I gave this one a 3.9/5 stars which is a little lower than the first book. “For the Throne” is the sequel to “For the Wolf” and I believe it finishes the duology. This is a YA fantasy with a “good vs evil” theme. This one didn’t feel as much of a fairytale retelling as the first one. If you enjoy third person narratives with multiple points of view in an epic land, then check this out!!
Here are my thoughts while reading:
The prologue and chapter 1 disappointed some because I don’t want to switch the focus on a different couple.
After chapter 2 I’m glad Red has a point of view again, but everything feels so exhausted and heavy. It’s probably meant to, but it feels like a burden to get through the chapter.
Okay I’m a little concerned that Faffe had chapter three because I usually don’t prefer books with 3+ POV.
And how can he say he loves Neve but also admit that he doesn’t truly know her.
After chapter 3, it’s a pretty slow and labored start and I’m having a hard time finding interested other than what I liked about the first book. I love the concept of the Seamstress. It reminds me of my character Surh-Sig the skin scraper. Oooh! And I’m super excited about The Serpent, the Oracle, & the Leviathan. And the Heart Tree.
Still not a huge fan of Solmir tho Hannah Whitten is really trying to show his positive qualities. It sounds like Neve will have the choice to be the Shadow Queen and stay underground in the upside down forest or go back to her sister. I’m worried if the story of both books is the heroine choosing a man over sisterhood. But I also get it… so … I’m not super upset.
When another character of The Weaver was brought in the world building just feels so complex. We already learned all the rules of the woods in the first book, which most are no longer relevant. And now we need to relearn the rules of the underground. So, it’s a lot of work. I think this book could be cut in half for its length and simplified to still get the job done of what I like in a story, but these novels are meant for readers who love the world building.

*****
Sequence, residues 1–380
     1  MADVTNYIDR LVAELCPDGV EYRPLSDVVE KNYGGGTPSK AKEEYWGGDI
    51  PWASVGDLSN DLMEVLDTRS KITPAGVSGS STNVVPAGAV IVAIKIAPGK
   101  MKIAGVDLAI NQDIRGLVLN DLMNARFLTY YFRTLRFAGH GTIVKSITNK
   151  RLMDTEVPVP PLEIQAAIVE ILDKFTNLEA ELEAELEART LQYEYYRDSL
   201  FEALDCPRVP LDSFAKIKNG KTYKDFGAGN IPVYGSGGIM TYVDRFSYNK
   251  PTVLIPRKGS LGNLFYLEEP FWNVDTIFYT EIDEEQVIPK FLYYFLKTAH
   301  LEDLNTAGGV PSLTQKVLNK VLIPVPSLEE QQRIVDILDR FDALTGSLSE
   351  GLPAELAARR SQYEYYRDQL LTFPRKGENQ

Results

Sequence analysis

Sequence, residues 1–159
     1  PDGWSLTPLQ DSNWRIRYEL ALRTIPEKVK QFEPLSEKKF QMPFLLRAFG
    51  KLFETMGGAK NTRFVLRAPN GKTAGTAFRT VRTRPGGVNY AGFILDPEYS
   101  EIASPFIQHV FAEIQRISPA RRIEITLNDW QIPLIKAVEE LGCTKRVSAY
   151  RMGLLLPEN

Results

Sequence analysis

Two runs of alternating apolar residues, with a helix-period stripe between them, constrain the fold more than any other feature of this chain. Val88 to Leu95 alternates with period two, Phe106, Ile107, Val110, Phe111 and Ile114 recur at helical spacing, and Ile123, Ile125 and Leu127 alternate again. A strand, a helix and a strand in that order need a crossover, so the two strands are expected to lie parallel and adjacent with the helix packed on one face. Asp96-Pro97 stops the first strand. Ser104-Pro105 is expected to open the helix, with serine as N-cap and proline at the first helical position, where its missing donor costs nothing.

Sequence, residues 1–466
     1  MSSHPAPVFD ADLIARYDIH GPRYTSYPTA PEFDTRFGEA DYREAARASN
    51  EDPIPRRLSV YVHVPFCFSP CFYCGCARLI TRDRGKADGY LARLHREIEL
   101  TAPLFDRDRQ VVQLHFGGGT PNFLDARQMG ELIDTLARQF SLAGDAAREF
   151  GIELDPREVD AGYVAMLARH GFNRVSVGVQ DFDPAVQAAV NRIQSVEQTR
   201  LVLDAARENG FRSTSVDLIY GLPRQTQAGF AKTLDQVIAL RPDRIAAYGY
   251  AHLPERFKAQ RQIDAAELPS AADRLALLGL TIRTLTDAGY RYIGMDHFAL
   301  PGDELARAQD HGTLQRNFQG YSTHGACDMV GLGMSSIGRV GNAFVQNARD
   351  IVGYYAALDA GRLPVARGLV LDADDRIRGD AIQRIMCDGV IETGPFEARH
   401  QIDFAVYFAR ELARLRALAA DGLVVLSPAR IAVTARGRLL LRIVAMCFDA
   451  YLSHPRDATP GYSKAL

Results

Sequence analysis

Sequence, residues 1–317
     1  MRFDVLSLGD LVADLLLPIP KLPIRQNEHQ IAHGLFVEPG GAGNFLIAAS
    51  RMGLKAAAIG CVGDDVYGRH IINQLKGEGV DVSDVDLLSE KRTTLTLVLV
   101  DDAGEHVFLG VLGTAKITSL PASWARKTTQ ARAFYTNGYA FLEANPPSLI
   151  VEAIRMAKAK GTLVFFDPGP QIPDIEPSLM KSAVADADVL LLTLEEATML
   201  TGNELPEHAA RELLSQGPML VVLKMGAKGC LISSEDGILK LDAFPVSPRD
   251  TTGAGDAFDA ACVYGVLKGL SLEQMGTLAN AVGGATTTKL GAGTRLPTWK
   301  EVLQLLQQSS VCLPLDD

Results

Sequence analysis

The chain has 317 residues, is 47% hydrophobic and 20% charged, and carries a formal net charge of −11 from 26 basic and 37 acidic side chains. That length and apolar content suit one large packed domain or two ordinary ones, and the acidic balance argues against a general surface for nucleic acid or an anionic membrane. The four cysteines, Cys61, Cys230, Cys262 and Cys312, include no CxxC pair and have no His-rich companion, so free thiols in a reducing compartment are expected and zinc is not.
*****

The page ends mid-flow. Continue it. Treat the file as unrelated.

At the halfway mark, the theme of the distinction between god and mobster is interesting. I like the concept of the Shadowlands but the story is dragging a bit. I feel like it couldn’t been written more crisp and to the point. But that’s also just my style. The conversations lag a bit for me and slows down the pace. I’m not as engaged as in the first book. When the forest speaks, I havent really been a fan of that part. I’m much more interested in Red’s chapters still.
I caught myself skimming a lot of the back half. There was more head hopping too like “Eammon didn’t care about the magic” but it wasn’t chapter in his point of view.
It felt like a lot of repetition of the same feelings and savior complex. So I cant truly rate the quality of the plot since there’s probably some bits and pieces I missed. If I were more patient and settled into it, I’d probably have different feelings. (Chapter 41 then 42 we have more points of view and my brain feels split all over the place.)
So the ending for Red I was satisfied with. Unsure about Nefe… Overall, I’d recommend this duology to YA fantasy readers but wouldn’t buy the second book like I bought “For the Wolf.”
Discussion question: what makes a soul?